Note: Our text of the Rif says 'if they would bring mushrooms and young fowl for you, wouldn't we eat?!' Chavos Ya'ir says that the text should read 'mushrooms for me and...', like our text of the Gemara. 'Wouldn't we eat' supports this. However, it is surprising to me that Shmuel mentioned himself before Rav.
Bi'ur Halachah (DH Mitztaref): (If the third ate,) they are obligated in a Zimun. It is not merely Reshus, like the Mechaber said above (193:2), that it depends on the end of the meal, and this is considered the end of the meal. Many Poskim hold like this, unlike R. Yonah, who says that our Sugya only discusses Reshus. Rashi (47a DH Achilna) connotes they are obligated.
Shulchan Aruch (ibid.): This is if he came before they said 'Hav Lan u'Nevarech.' If he came after they said this, he does not join with them.
Beis Yosef (DH Shnayim): Tosfos says that he joins unless they said Hav Lan u'Nevarech, for then they diverted their minds from eating.
Magen Avraham (2): According to the Ran, they join as long as they did not wash.
Bi'ur Halachah (DH Aval): The Magen Avraham says that according to the opinion that Hav Lan u'Nevarech is not a total Hesech ha'Da'as regarding eating, here they join as long as they did not wash. Several Acharonim connote like this. However, Shulchan Aruch ha'Rav says that this law is according to everyone. The Pri Megadim leaned to agree, and concluded that this requires investigation.
Kaf ha'Chayim (6): If they said Hav Lan u'Nevarech, (since it is a Safek), it is better to be passive and not make a Zimun.
Bi'ur Halachah (DH Eino): The Or Zaru'a wants to say that if three ate and they were obligated to make a Zimun, and another came and ate, even if the three washed (Mayim Acharonim) or said Hav Lan u'Nevarech, he joins with them. The other Rishonim explained differently. It seems that they disagree.
Bi'ur Halachah (DH Imahem): The Pri Megadim sides to say that whenever there is a Safek about a Zimun of three, they join (it is Reshus). To mention Hash-m's name with 10, he was unsure if it is forbidden due to the severity of Lo Sisa (saying His Name in vain). Also the Chayei Adam leans to say so.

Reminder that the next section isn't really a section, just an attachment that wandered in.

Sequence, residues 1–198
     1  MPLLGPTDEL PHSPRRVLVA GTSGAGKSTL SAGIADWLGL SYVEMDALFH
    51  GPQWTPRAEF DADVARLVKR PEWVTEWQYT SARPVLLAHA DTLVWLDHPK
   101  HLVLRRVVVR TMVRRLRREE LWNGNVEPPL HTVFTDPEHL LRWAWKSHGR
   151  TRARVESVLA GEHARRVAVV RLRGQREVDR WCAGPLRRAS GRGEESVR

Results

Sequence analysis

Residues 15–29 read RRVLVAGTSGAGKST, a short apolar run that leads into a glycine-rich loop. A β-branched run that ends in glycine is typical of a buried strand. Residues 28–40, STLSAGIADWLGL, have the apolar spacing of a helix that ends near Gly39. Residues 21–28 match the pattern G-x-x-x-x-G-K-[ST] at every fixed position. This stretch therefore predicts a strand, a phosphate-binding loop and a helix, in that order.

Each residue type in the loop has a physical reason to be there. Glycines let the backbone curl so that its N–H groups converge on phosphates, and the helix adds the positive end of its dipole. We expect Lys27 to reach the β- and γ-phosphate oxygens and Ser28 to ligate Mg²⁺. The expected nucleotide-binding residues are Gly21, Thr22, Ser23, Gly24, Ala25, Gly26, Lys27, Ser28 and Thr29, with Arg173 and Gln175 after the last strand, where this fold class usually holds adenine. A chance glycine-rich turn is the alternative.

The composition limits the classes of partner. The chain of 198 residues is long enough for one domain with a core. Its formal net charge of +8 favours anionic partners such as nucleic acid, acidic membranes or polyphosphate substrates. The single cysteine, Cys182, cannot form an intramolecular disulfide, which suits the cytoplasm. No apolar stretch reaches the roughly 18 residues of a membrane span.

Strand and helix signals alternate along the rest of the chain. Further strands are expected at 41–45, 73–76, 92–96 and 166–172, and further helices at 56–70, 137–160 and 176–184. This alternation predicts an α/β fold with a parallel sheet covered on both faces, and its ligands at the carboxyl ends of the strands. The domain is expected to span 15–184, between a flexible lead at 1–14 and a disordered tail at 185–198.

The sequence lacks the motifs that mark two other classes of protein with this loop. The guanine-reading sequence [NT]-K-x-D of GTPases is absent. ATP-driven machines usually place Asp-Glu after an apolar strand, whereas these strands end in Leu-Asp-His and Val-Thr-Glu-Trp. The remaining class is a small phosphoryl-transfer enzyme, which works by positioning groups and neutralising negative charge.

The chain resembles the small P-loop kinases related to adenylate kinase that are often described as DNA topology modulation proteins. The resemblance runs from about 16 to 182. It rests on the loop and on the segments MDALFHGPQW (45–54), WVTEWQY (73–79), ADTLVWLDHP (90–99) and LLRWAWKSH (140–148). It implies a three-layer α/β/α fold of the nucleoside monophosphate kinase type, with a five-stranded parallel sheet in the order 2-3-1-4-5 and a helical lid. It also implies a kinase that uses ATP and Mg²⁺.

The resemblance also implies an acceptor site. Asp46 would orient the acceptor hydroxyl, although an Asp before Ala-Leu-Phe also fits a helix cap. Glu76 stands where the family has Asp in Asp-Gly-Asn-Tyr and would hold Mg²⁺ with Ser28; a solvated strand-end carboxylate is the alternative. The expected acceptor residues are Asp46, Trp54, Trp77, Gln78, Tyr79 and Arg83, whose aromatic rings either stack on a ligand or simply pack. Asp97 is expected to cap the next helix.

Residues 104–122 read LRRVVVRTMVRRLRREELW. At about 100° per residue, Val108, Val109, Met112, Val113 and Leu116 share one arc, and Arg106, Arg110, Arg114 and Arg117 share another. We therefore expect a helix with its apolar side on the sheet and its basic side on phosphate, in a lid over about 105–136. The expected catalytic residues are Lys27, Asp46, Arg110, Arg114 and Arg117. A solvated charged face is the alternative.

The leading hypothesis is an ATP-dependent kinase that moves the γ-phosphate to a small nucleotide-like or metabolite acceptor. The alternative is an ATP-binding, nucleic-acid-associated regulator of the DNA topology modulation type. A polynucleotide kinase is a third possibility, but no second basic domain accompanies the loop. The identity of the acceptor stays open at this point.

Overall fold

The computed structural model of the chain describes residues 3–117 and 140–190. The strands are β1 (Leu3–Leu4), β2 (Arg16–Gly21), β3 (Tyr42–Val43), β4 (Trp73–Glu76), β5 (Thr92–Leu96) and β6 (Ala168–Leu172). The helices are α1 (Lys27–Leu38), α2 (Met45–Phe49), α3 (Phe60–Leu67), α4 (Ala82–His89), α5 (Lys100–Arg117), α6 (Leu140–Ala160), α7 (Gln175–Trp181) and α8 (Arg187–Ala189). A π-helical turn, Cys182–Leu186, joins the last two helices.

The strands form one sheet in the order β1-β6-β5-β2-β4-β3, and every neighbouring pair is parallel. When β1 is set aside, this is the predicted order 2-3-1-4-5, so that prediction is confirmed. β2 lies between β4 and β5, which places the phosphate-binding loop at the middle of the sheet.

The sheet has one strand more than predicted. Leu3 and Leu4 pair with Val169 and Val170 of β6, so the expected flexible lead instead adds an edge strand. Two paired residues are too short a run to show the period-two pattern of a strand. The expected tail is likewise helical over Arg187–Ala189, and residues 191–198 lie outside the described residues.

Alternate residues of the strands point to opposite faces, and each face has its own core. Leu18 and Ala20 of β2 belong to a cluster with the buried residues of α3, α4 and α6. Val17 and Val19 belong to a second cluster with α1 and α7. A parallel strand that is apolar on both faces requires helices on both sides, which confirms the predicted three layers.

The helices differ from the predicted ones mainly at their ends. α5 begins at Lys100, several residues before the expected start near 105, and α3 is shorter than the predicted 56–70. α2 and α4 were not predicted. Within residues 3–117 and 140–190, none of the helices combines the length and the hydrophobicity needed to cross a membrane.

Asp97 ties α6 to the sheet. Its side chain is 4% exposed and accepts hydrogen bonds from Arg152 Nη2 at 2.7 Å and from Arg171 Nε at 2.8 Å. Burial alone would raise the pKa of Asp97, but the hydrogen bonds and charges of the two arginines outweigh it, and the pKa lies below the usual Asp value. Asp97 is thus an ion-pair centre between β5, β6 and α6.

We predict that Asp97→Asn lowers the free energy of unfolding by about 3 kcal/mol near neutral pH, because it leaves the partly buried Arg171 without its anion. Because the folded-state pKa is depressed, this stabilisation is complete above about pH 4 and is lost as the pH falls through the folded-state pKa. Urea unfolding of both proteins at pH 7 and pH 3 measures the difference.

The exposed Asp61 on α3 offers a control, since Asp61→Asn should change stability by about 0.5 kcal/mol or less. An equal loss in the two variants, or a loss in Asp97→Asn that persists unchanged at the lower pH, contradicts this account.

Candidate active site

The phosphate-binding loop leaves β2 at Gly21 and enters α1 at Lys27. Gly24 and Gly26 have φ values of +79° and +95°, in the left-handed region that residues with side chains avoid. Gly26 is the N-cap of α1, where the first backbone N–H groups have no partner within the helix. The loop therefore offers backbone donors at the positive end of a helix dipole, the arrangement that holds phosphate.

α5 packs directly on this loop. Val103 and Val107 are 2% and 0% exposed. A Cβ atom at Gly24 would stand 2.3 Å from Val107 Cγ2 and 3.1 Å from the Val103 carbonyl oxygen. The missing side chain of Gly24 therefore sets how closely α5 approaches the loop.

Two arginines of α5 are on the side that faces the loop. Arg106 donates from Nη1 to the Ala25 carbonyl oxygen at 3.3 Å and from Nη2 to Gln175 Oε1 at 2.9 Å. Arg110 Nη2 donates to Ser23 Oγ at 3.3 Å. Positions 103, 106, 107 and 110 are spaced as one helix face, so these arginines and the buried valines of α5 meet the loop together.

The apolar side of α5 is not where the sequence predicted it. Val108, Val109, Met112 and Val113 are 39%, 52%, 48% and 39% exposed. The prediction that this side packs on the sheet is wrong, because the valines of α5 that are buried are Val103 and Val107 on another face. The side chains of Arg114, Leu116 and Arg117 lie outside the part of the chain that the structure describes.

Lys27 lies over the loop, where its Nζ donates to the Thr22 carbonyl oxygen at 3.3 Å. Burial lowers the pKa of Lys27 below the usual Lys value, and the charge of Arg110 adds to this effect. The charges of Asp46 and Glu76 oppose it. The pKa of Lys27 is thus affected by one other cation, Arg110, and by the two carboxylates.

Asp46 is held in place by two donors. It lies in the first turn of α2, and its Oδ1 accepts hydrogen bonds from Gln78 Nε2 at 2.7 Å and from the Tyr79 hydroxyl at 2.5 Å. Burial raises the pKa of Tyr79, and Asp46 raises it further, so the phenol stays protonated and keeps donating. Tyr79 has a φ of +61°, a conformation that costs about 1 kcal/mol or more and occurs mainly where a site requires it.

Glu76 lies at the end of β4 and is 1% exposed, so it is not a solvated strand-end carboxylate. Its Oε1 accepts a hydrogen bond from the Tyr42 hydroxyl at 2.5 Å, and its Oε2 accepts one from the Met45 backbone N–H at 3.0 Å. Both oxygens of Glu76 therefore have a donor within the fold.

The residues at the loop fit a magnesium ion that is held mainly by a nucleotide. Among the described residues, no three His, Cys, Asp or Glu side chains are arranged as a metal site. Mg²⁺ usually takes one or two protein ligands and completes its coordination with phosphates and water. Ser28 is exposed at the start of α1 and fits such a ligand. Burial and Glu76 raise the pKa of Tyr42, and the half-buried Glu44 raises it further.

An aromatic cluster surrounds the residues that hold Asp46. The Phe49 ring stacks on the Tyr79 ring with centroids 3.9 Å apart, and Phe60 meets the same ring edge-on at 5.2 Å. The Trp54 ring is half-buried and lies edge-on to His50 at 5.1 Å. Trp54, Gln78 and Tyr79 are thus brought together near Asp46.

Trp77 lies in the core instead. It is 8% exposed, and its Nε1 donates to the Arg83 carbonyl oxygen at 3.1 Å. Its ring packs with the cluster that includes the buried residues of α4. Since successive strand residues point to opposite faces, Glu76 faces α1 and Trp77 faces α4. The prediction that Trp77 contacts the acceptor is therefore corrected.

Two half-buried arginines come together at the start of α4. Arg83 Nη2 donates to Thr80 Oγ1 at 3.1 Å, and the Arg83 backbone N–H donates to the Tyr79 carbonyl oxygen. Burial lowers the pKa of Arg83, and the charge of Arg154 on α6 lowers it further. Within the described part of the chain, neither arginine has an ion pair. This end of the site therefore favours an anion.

Rema: Mayim Acharonim is like 'Hav Lan u'Nevarech'.
Bach (1): The Mordechai says that also if they washed (Mayim Acharonim), a third cannot join to make a Zimun with three. However, it seems that it is a Mitzvah for them to resume eating and wash and bless ha'Motzi, for they may do so (179:1), and the third will join with them to make a Zimun.
Magen Avraham (3): Netilas Yadayim is more (an end of the meal) than said Hav Lan u'Nevarech! Rather, the Rema teaches that if he wants to bless and eat, he may. Even though [normally] this is forbidden (179:1), here it is permitted for the Mitzvah of a Zimun. Some always permit to bless and eat. The Bach's opinion is primary.
Eliyahu Rabah (4): The Rema teaches that if he washed, all agree that a third does not join. Alternatively, he holds like the Bach, that even after Hav Lan u'Nevarech it is a Mitzvah to eat more to enable a Zimun, and he equates Hav Lan u'Nevarech to Mayim Acharonim. In order to enable a Zimun, we rely on the Poskim who permit to bless and eat. However, I found no support for the Bach's law. Presumably, since he must bless before eating, it is like a new eating. If they eat now (enough to make a Zimun on), it is like a Zimun on the new eating.
Kaf ha'Chayim (11): Since it is not a real Chiyuv to eat more, it is best to be passive (and not make a Zimun).
Kaf ha'Chayim (8): If one took a cup to bless, even though he did not say Hav Lan u'Nevarech and he did not wash, a third does not join.
Shulchan Aruch (196:3): If two Kohanim are careful not to eat bread of Nochrim, and they ate Terumah, and a Yisrael ate bread of Nochrim, they do not join for a Zimun.
Taz (196:2): If bread of Yisre'elim is available, even if they did not eat from it, they could eat from it, so they join. The Beis Yosef asked from the Halachah that whenever if they would bring something and they could eat from it, they join. Also here, this reasoning enables a Zimun!